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Mark Fisher
Edinburgh, Scotland, United Kingdom
Follow me on Twitter at MarkFFisher, WriteAboutTheat and LimelightXTC I am a freelance journalist and critic specialising in theatre and the arts. Publications I write for include the Guardian and the Scotsman. I am the author of The Edinburgh Fringe Survival Guide: how to make your show a success and How to Write About Theatre: A Manual for Critics, Students and Bloggers. I am also editor of The XTC Bumper Book of Fun for Boys and Girls: A Limelight Anthology. From 2000-2003, I was the editor of The List magazine, Glasgow and Edinburgh's arts and events guide.
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Sunday, September 16, 2012

Fringe and Festival reviews: Spine/Blink/Monkey Bars/Born To Run/Flâneurs/Othello: The Remix/Songs Of Lear/The Rape Of Lucrece/Les Naufragés Du Fol Espoir (Aurores)

Published in Scotland on Sunday

EVERYONE’S always looking for the Fringe’s next big thing, but no one’s ever too sure where to find it.

The festival has a way of catching you off your guard. So apologies for my ­obscurantism, but I’m coming to the conclusion that one of the great performances of the Fringe was not in a well drilled and fully funded production, but in an early-morning reading that had just an hour’s rehearsal.

The actor was Rosie Wyatt, the play was Spine by Clara Brennan, and it had just two airings in the Theatre Uncut series of politically minded shorts at the Traverse. I happened to see both, and on each occasion I found myself welling up.

Brennan sets up a simple scenario: a young woman gets to know an elderly widow ­after thinking about renting a room from her. The room stays vacant, but the relationship blossoms over a mutual love of the old lady’s haul of rescued library books. What emerges is a deeply humane celebration of community, tradition and the imagination.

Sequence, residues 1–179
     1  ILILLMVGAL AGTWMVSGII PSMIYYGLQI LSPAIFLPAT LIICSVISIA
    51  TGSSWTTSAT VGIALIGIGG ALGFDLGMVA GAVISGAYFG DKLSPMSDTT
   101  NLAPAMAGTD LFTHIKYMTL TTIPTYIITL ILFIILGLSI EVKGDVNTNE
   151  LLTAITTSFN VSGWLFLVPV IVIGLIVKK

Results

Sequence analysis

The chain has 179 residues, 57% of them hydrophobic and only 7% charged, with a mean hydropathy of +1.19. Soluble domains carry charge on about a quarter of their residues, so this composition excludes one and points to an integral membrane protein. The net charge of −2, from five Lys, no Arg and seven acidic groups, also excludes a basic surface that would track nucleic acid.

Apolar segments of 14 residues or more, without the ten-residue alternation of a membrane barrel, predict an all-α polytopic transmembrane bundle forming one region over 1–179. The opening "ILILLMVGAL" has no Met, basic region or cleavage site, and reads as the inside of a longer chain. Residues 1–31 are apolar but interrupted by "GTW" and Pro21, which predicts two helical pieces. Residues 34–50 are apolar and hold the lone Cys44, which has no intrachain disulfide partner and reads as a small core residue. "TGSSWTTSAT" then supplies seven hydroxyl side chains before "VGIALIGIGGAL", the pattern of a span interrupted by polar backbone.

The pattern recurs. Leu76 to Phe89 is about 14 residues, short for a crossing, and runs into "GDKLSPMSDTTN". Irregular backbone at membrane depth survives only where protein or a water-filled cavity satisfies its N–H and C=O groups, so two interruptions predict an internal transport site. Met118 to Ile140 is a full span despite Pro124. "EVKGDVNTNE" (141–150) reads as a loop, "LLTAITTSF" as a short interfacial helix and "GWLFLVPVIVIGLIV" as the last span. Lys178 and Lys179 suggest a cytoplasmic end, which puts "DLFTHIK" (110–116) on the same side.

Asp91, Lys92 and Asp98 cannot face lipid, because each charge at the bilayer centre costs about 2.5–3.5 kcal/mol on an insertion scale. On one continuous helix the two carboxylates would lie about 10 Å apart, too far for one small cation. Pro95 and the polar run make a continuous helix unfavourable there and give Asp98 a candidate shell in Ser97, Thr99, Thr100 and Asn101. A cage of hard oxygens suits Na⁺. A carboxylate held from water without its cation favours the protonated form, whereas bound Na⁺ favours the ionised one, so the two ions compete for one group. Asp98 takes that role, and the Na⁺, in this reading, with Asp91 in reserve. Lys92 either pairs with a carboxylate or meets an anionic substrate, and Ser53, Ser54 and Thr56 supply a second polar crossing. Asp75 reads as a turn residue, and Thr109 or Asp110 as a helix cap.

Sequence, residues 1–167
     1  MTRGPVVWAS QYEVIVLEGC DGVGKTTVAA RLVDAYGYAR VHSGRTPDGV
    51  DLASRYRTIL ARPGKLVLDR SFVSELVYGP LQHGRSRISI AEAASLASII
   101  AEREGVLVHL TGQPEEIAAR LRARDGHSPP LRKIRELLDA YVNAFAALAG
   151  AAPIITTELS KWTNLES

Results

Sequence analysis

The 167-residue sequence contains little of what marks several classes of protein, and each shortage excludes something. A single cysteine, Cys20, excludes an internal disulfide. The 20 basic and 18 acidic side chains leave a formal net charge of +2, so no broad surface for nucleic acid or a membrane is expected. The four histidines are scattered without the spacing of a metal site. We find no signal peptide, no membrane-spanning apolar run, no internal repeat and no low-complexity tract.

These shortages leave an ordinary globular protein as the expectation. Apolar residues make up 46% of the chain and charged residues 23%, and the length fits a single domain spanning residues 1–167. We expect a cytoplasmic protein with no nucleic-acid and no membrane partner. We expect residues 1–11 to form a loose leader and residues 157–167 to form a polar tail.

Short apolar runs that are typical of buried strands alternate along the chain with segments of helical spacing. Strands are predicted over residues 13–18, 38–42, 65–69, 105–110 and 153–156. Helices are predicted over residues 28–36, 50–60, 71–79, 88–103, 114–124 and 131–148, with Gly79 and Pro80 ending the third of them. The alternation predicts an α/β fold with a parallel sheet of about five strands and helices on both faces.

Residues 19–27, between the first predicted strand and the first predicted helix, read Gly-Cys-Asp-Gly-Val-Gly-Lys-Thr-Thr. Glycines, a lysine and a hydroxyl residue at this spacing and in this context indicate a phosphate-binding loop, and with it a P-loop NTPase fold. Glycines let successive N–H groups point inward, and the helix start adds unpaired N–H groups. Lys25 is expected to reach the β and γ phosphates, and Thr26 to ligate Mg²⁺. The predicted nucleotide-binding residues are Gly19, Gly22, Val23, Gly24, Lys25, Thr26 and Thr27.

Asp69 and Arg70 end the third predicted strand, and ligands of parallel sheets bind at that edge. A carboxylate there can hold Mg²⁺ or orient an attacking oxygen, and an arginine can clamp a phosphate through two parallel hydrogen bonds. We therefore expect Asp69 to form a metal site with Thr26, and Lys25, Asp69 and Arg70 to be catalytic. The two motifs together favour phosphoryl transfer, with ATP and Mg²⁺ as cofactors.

Wyatt performs it with a keen understanding of character and a wide-eyed openness to the world, qualities she also brings to Blink, one of a first-rate run of shows in the Traverse’s studio space. Phil Porter’s two-hander is about a couple of bereaved misfits whose relationship is build on an oddly innocent form of ­voyeurism. It’s not substantial enough to justify its length, but the performances by ­Wyatt and Harry McEntire, in this production by Joe Murphy for Soho Theatre and Nabokov, are delightful.

In the same space, Monkey Bars has a similarly delightful air, but there’s something more subtle going on. The half-dozen actors on a playschool set of glowing cubes behave as adults, but their ­dialogue is taken word for word from interviews with children. Under Chris Goode’s direction, the scenarios evoke political broadcasts, cocktail party chit-chat and job interviews, even though the ­perspective is that of eight-year-olds.

The effect is something like that of Creature Comforts, the Nick Park animations in which clay animals mouth the words of real people. It makes you hear the voices afresh in a way that is variously funny, touching and revealing.

Other shows to look out for at the Traverse include the newly opened Born To Run by Gary McNair and it’s an astonishingly athletic performance by Shauna Macdonald, who manages to muse on the subjects of illness and escape while running on a treadmill for over an hour. There’s an “are we nearly there yet?” quality to the script, which tells of one woman’s attempt to run a 110-mile desert race, but there is also an engaging discussion about how an extreme sport can become like meditation, a way of putting life in perspective and realising you can run towards something as well as away.

One of the great sources of energy on this year’s Fringe has been Summerhall, the multi-space venue in the old Dick Vet that’s hosting an ambitious programme of Scottish and European theatre, music and art. Highlights include Flâneurs, a show at once sweet-natured and tough talking by Jenna Watt, who juxtaposes her romantic love of aimless walks through the streets of Edinburgh with a fierce desire to resist the “bystander effect”, the phenomenon of witnesses to violent crime feeling powerless to intervene and help the victim. Like Clara Brennan, Watt offers a positive vision of civic life, infused with personal anecdotes and ideas about psychogeography, in a performance that is as gentle as it is certain in purpose. It is ­quietly revolutionary.